It ain't that way no more.

I wouldn't go so far as to say that the tables have been totally turned, but today there are many people, even "normal" people, who spend a great deal of each day online. Quite a number of these columns have been devoted to examining how constant access to online tools and information influences the ways we work, relax, think. Though I have dictionaries on my shelves, If I have to find a definition, or a translation, or the correct spelling, of a word, I'll invariably do so first on the web, turning to the bound dictionaries on my shelves only if their online versions prove unhelpful (which rarely happens). Among piles of papers on my desk and in its drawers I know that I've got a couple of conversion tables for length, weight, volume and the like. But if a question of conversion comes up, the online tools will be the ones I turn to - though these are often distressingly formal.

And of course it's not only a question of finding what we need online, of being able to read the paper on the screen, and of experiencing the comfort of knowing that answers truly are "out there" for the taking (or finding). It's now considered "normal" to have numerous friends whom we've never met face to face, to spend half the night corresponding with people with similar interests to our own who may, at the same time, be at their daytime jobs, chatting with us instead of getting their work done. We travel to museums, even to exotic vacation spots, while sitting in front of the screen, and - here's the important thing - nobody seems to think that this now classifies us as being strange.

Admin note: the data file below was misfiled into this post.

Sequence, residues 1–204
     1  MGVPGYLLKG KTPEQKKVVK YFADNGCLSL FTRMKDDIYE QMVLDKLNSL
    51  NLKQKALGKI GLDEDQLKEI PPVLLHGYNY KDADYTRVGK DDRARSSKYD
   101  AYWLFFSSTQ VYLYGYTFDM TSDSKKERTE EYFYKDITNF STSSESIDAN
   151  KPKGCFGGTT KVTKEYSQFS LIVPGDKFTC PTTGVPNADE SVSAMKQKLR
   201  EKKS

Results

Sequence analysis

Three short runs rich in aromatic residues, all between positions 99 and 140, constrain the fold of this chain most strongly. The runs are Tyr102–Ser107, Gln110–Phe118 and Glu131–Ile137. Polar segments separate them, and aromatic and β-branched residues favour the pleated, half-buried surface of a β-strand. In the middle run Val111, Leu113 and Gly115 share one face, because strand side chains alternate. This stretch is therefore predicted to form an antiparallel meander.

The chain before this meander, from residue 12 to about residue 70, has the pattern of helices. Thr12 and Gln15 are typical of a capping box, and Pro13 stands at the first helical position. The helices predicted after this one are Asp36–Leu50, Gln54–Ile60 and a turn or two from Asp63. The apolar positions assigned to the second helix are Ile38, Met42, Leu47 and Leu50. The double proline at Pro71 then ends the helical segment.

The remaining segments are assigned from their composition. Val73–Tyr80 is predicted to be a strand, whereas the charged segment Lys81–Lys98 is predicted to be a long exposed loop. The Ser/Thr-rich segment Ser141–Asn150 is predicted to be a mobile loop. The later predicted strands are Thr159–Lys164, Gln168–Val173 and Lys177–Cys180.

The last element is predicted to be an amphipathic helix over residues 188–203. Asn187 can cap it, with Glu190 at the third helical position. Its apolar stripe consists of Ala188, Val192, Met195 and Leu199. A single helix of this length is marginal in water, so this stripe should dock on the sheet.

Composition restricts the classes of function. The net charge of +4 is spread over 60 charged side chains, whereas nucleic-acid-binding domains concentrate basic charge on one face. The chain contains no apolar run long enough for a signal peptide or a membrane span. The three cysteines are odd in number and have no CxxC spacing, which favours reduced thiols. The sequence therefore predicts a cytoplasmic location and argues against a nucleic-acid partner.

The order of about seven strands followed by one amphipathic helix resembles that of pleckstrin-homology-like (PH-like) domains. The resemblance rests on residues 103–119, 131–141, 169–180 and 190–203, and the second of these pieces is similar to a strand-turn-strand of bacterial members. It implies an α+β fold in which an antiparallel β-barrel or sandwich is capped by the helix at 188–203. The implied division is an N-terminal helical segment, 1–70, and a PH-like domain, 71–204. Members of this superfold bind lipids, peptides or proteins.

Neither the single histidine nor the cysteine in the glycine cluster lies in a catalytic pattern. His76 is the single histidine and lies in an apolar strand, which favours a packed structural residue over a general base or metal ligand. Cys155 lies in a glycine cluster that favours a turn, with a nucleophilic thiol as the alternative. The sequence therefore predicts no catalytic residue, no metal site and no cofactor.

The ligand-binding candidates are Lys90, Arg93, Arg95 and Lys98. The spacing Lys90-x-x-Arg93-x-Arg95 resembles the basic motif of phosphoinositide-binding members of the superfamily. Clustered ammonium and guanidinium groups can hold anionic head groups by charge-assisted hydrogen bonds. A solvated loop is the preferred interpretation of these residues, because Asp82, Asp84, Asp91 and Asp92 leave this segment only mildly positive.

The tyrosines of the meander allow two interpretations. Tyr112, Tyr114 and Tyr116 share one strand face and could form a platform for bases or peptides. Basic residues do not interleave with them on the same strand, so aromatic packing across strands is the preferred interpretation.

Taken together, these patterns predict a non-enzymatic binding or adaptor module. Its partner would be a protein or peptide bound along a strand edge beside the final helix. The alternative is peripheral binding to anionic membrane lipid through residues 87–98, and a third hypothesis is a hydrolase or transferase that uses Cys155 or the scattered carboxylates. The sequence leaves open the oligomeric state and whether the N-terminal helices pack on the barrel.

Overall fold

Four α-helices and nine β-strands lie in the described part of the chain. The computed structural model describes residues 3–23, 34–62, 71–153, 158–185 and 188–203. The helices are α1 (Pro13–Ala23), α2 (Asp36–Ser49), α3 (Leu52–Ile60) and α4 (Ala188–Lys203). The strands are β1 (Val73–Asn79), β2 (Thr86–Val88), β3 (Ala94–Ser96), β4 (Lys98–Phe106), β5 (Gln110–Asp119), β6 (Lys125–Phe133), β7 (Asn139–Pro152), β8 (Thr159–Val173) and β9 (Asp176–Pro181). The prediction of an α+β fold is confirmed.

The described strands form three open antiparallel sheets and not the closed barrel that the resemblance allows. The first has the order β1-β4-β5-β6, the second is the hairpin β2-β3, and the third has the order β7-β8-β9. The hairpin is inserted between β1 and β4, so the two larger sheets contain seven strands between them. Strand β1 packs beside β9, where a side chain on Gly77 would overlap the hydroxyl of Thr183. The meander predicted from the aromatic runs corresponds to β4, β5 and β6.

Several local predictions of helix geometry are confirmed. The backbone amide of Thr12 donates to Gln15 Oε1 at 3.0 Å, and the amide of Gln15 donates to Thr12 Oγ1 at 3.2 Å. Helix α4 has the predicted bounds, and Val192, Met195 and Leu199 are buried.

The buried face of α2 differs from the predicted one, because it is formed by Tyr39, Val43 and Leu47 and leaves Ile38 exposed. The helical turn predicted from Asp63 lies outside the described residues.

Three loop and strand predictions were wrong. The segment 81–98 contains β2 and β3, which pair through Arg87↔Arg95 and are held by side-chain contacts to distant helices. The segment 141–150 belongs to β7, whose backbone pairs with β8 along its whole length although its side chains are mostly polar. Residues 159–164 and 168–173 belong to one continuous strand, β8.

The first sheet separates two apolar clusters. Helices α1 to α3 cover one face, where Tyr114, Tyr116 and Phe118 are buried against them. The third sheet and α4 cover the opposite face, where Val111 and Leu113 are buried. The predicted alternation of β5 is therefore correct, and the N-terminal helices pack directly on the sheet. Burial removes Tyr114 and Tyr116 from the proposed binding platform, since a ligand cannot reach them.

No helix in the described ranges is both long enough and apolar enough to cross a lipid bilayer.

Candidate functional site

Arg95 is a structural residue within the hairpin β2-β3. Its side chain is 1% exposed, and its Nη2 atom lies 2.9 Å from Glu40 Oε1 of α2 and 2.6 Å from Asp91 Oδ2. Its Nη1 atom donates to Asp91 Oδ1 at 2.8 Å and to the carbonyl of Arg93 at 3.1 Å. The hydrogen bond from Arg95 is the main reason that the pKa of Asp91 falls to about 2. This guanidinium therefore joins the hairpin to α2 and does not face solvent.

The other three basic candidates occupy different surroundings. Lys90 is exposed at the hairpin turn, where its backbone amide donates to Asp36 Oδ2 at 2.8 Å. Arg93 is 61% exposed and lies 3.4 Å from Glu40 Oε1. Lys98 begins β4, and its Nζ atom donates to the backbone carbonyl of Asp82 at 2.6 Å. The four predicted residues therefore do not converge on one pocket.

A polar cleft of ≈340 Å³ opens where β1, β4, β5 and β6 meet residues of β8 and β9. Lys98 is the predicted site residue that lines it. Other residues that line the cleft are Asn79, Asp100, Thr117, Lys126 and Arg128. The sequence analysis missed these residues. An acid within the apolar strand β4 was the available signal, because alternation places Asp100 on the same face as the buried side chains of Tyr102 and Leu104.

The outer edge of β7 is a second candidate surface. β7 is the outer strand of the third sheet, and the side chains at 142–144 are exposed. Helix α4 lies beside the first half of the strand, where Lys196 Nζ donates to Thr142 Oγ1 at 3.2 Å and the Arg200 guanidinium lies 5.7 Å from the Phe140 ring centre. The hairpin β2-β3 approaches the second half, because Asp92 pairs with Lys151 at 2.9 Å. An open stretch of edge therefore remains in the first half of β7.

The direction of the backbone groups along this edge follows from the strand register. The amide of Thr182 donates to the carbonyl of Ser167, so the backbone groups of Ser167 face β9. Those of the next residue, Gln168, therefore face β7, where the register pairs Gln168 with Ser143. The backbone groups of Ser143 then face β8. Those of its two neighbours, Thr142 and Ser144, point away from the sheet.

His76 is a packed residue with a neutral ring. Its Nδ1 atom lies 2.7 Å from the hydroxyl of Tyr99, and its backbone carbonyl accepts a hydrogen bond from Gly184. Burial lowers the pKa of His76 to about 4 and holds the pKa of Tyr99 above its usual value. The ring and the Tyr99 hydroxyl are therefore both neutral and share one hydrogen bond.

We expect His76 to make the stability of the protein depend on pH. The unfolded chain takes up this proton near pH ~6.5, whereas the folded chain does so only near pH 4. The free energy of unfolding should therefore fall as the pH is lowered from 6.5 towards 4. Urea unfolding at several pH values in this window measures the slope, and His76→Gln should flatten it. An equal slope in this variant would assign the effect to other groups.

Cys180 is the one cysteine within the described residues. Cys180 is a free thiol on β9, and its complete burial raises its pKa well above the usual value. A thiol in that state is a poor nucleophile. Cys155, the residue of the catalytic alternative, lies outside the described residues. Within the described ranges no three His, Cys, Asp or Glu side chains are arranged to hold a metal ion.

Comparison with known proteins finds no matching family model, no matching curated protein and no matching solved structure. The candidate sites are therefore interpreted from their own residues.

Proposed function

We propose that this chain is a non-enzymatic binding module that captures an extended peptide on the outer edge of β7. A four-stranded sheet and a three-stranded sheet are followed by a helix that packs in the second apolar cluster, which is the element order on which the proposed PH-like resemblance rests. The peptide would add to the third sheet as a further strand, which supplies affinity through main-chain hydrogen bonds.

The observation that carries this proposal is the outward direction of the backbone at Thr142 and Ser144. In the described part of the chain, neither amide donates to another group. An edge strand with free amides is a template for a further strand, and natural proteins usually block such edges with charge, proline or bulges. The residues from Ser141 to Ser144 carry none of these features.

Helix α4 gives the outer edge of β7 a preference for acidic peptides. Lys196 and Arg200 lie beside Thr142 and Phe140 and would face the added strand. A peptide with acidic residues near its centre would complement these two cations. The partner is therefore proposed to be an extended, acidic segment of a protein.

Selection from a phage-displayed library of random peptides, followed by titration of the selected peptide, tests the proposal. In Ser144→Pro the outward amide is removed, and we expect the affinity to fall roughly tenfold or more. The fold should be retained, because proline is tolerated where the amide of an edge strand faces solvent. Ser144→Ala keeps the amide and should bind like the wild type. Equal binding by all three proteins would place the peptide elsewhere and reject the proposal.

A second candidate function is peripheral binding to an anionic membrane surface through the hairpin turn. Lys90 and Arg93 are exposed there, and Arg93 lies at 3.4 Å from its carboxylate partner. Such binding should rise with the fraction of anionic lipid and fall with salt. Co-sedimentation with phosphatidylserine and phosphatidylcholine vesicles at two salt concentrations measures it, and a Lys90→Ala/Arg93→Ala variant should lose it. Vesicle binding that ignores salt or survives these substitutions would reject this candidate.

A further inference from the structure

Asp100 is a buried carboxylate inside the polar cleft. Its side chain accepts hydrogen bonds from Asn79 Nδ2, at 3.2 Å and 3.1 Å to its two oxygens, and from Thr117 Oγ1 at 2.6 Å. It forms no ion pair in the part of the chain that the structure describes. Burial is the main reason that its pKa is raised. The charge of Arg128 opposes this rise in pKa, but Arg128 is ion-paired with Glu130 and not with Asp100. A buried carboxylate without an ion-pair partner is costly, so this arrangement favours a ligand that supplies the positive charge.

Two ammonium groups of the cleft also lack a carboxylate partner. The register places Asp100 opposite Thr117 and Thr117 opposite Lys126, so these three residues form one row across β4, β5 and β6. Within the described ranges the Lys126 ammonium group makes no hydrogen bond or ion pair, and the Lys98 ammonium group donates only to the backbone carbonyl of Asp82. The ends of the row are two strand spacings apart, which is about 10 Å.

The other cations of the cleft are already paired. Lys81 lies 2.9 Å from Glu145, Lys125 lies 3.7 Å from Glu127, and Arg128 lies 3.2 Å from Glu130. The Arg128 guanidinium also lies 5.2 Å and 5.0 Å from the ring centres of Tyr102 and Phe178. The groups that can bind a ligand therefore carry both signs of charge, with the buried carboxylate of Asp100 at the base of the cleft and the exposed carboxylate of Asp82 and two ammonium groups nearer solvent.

Go to: Who cares?